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Star Wars: Dark Forces

MobyRank MobyScore
Windows
...
3.3
DOS
90
4.0
Macintosh
...
4.3
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Description

Kyle Katarn is a former Imperial officer turned mercenary, now hired by the Rebel Alliance. After having stolen the Death Star plans from a remote facility, he is tasked with investigating the sudden destruction of a hidden Rebel base. This leads him to face off against Imperial General Rom Mohc and the various iterations of his "Dark Troopers" - cybernetic soldiers with the armor and firepower to turn the tide of the war.

Dark Forces is a close prequel to the original Star Wars movie trilogy. The game marks LucasArts' first attempt to enter the first-person shooter market. Instead of licensing the Doom engine, like many competitors, LucasArts created its own internal "Jedi" engine. The Jedi engine contains advanced features over similar tech, including the ability to look up and down, jump, crouch, and limited support (in the build used for Dark Forces) for rooms (sectors) over rooms. 3D models also make occasional appearances inside the game, as turrets or Kyle's ship dropping him off or picking him up from each mission.

Most levels have a fairly complex, often maze-like structure, and include various switches that need to be activated to change the layout of the level. Jumping is integrated into the gameplay, as certain areas can only be accessed in that way. In addition to weapons, Kyle can use shields to protect himself from damage, a head lamp to illuminate dark areas, as well as specific items used to counter environmental hazards. The player character is given a certain amount of "lives" per level; he dies permanently once he runs out of all of them. Game progress can be saved only between missions.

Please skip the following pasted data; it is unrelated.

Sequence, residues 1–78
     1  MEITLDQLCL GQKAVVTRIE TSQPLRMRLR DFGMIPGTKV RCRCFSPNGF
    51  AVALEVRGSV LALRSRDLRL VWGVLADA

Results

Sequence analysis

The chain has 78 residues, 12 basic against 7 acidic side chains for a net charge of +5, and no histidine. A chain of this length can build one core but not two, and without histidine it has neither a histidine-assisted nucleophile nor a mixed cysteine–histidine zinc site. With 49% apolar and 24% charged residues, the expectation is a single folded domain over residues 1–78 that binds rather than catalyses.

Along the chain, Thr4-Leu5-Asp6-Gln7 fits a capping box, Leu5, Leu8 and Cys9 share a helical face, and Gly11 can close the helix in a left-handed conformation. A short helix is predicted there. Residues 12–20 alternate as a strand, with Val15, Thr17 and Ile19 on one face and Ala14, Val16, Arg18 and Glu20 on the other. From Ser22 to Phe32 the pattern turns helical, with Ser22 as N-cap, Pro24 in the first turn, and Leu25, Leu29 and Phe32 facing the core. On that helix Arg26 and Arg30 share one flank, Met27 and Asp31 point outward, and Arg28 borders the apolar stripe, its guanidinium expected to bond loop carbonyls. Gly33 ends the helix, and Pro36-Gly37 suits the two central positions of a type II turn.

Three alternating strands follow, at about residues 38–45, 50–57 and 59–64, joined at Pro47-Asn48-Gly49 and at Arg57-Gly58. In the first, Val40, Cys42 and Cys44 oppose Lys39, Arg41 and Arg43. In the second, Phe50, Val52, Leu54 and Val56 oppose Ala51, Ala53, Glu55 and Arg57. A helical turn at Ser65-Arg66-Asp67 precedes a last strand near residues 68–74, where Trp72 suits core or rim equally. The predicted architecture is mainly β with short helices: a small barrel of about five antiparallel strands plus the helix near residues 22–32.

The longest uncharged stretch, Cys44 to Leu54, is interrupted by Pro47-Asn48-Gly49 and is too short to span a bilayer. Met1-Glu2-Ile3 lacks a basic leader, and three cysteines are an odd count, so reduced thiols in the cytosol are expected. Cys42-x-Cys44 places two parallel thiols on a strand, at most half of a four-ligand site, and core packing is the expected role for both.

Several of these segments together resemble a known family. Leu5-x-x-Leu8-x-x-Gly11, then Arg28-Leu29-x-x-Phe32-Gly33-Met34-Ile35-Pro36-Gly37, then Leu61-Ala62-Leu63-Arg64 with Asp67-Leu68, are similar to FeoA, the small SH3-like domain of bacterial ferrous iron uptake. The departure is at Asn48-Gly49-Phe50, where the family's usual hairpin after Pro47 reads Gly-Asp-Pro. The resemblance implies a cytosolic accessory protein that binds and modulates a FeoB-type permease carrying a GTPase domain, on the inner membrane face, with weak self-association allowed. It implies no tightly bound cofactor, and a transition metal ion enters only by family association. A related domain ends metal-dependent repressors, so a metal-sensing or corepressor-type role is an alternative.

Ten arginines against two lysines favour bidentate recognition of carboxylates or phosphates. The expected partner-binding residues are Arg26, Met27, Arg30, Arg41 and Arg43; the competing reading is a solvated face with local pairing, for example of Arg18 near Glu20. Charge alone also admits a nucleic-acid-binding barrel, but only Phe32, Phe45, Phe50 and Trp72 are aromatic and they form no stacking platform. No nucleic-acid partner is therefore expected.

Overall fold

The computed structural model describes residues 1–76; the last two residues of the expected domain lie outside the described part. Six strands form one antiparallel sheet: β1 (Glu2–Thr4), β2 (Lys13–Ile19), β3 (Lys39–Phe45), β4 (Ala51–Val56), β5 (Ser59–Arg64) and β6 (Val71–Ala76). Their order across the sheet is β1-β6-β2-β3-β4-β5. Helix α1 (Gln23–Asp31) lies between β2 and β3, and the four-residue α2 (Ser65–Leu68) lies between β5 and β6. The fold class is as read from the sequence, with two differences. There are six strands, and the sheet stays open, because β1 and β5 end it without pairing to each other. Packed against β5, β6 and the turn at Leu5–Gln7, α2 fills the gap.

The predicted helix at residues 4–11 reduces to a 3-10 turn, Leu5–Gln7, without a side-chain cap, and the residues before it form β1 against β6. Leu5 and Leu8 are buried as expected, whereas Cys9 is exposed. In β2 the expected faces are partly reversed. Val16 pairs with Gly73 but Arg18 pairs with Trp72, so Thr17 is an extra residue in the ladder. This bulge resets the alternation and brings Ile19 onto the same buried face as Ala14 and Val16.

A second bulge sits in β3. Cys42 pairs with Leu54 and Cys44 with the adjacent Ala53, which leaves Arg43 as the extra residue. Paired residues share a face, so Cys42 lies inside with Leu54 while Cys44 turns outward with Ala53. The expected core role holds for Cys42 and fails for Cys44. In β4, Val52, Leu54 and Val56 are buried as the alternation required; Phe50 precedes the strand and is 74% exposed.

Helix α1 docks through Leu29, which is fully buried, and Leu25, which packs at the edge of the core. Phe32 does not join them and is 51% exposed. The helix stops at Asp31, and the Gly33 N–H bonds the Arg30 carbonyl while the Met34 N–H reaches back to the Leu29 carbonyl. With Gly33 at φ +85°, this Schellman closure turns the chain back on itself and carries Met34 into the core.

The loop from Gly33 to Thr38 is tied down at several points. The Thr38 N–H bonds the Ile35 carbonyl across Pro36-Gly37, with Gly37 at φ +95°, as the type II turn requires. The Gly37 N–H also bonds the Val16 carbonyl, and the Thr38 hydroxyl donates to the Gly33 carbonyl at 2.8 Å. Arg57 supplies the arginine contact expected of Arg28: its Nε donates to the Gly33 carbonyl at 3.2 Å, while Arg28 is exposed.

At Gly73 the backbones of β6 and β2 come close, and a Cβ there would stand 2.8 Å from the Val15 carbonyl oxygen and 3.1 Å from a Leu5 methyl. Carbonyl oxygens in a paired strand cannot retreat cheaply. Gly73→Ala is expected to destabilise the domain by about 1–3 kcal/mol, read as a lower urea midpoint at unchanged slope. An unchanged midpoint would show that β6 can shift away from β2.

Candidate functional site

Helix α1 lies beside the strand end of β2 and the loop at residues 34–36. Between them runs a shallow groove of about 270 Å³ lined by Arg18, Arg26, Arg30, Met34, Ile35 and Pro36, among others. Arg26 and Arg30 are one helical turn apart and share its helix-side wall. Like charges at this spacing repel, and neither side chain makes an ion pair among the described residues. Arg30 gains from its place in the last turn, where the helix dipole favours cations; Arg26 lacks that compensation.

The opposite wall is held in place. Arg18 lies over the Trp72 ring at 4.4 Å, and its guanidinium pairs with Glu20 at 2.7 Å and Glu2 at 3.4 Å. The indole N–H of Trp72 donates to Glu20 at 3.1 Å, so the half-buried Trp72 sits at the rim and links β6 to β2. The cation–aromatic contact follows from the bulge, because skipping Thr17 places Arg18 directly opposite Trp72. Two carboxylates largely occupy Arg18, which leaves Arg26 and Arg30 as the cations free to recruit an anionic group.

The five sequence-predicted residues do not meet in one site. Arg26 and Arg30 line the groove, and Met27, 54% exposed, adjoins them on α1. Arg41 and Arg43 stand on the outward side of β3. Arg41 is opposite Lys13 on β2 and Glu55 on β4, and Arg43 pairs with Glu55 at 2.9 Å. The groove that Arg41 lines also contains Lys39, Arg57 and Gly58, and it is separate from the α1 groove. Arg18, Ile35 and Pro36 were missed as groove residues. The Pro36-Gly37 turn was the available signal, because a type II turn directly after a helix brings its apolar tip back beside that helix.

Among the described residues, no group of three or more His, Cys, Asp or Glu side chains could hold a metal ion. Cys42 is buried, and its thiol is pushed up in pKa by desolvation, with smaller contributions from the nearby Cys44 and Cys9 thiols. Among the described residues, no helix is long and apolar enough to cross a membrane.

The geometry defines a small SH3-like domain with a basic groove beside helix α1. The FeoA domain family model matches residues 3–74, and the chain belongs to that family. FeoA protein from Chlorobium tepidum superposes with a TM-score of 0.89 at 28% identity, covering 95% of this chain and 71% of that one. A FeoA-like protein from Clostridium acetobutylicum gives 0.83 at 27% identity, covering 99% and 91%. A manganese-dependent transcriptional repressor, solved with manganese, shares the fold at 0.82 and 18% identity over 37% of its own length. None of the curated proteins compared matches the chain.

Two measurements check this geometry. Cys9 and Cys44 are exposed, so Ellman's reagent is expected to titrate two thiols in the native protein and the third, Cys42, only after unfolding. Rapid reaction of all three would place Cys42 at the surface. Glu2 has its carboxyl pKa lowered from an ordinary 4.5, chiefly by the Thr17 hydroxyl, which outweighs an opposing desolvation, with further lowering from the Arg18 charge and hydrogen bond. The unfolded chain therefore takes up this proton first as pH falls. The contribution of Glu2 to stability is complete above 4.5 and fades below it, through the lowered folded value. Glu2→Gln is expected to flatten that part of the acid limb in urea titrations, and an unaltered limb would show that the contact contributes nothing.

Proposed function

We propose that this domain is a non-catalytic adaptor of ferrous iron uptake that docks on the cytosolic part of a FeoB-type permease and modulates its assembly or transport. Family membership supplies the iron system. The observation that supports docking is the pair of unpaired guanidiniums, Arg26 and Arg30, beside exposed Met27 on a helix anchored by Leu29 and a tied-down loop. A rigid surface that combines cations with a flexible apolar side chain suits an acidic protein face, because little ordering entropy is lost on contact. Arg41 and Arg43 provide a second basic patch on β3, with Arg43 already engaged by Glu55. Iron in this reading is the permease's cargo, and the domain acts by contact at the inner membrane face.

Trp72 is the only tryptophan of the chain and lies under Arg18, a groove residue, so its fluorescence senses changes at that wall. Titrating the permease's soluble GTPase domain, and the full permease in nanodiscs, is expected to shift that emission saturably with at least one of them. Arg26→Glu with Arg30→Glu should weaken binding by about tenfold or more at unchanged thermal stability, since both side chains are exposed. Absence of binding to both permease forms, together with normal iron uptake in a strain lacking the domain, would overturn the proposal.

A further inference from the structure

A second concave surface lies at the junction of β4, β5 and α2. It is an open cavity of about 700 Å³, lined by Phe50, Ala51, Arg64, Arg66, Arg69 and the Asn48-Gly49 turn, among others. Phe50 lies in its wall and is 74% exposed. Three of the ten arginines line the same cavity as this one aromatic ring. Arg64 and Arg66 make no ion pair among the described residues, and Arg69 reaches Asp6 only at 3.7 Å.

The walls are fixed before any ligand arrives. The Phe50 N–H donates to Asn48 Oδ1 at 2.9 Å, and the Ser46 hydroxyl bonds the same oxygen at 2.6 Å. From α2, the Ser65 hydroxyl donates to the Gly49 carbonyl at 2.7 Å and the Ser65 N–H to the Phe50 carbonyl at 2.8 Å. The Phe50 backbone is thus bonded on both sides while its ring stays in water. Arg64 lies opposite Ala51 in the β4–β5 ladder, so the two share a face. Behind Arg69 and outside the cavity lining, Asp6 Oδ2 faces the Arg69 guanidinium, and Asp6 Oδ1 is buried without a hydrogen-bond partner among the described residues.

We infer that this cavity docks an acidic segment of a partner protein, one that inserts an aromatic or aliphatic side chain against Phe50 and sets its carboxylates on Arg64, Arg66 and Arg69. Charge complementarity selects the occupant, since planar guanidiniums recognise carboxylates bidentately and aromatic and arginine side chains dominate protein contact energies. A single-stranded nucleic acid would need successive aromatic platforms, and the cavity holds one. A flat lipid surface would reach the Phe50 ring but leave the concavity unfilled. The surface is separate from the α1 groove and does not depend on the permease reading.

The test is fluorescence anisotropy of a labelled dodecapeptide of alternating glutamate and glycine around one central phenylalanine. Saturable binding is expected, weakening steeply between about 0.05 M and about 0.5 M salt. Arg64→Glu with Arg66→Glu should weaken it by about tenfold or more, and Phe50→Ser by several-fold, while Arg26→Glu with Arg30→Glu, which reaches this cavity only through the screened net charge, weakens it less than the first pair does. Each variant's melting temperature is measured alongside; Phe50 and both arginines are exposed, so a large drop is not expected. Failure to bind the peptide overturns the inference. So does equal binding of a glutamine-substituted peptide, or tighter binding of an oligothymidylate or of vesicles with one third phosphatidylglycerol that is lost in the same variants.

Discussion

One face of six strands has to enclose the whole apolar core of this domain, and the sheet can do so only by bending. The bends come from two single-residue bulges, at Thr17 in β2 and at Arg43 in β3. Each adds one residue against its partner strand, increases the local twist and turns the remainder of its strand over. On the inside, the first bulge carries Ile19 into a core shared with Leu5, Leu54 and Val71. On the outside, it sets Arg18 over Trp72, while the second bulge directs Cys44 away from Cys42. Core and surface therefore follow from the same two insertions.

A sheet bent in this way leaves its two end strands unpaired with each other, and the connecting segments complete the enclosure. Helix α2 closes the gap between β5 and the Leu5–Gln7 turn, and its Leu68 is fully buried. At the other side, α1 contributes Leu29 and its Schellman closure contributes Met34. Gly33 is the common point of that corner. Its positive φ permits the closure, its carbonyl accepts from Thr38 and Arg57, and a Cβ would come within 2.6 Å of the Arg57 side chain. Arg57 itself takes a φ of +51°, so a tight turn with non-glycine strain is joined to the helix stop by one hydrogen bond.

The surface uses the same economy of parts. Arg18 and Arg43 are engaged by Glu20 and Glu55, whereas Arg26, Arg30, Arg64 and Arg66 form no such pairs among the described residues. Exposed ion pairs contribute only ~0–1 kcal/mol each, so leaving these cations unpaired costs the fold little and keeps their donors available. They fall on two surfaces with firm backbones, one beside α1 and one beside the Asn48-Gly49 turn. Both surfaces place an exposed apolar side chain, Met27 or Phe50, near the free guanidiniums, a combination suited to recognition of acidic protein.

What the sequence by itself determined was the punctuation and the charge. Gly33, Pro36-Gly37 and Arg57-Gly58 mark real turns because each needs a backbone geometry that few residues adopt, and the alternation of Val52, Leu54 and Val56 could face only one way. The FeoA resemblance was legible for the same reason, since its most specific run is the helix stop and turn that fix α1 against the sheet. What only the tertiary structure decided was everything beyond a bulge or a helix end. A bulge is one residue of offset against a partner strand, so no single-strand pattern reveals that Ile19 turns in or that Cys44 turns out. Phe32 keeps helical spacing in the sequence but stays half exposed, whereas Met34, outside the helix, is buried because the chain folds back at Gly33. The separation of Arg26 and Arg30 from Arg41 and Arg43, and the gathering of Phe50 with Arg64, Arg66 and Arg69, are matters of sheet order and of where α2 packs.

The game features fourteen substantial levels as Kyle works to disarm the Dark Trooper project. Many levels reference characters or areas from the Star Wars movie trilogy, such as a visit with Jabba the Hutt, a trip to Coruscant, and a battle through the interior of a Star Destroyer. As opposed to most first-person shooters of the time period, every level has objectives for Kyle to complete, ranging from grabbing a clue and getting out alive, to planting charges around a facility to demolish it. Cutscenes appear between key missions to update the plot.

The Star Wars license gets plenty of use, and the game features Imperial officers, stormtroopers, and a collection of aliens seen in the films as enemies. Blaster rifles and thermal detonators are used as weapons, along with other firearms inspired by the tech of the films. Dark Forces also uses the iMuse engine to dynamically change the music during action scenes, with much of the music based off, or directly replicating, John Williams' original film score.

The game is entirely a single-player campaign, and no multiplayer is included or supported.

Screenshots

Star Wars: Dark Forces DOS General and Vader
Star Wars: Dark Forces PlayStation Ran into a patrol.
Star Wars: Dark Forces DOS Death Star Plans
Star Wars: Dark Forces DOS Disposing of the guards around the mines.

Part of the Following Groups

User Reviews

A gem of its time, recreating the original Star Wars fun and adventure. DOS RussS (781)
The first First Person Shooter I ever liked enough to finish DOS Alan Chan (3559)
A Good Port Of A PC Classic. PlayStation Guy Chapman (1744)
A rich and immersive Star Wars shooter, and a gaming classic DOS jTrippy (63)
The first game that stood away from Id's FPS crap DOS MAT (74217)
One of the longest-lasting games that I know of DOS Casey Neumiller (5)
A long time ago... DOS Chris Martin (1098)
Blaster bolts and hydro-spanners! DOS Clinton Webb (21)
Stop, Rebel scum! DOS Ashley Pomeroy (233)
The first and best experience in FPS action. DOS Jason Musgrave (75)

The Press Says

Just Games Retro DOS Oct 24, 2004 5 Stars5 Stars5 Stars5 Stars5 Stars 100
Joystick (French) DOS Mar, 1995 95 out of 100 95
PC Team DOS Apr, 1995 93 out of 100 93
PC Gamer DOS May, 1995 92 out of 100 92
Jeuxvideo.com DOS Nov 08, 2010 18 out of 20 90
Power Play DOS Apr, 1995 83 out of 100 83
Shooterplanet DOS Aug 06, 2007 82 out of 100 82
NowGamer PlayStation Mar 01, 1997 7.5 out of 10 75
IGN PlayStation Dec 13, 1996 5 out of 10 50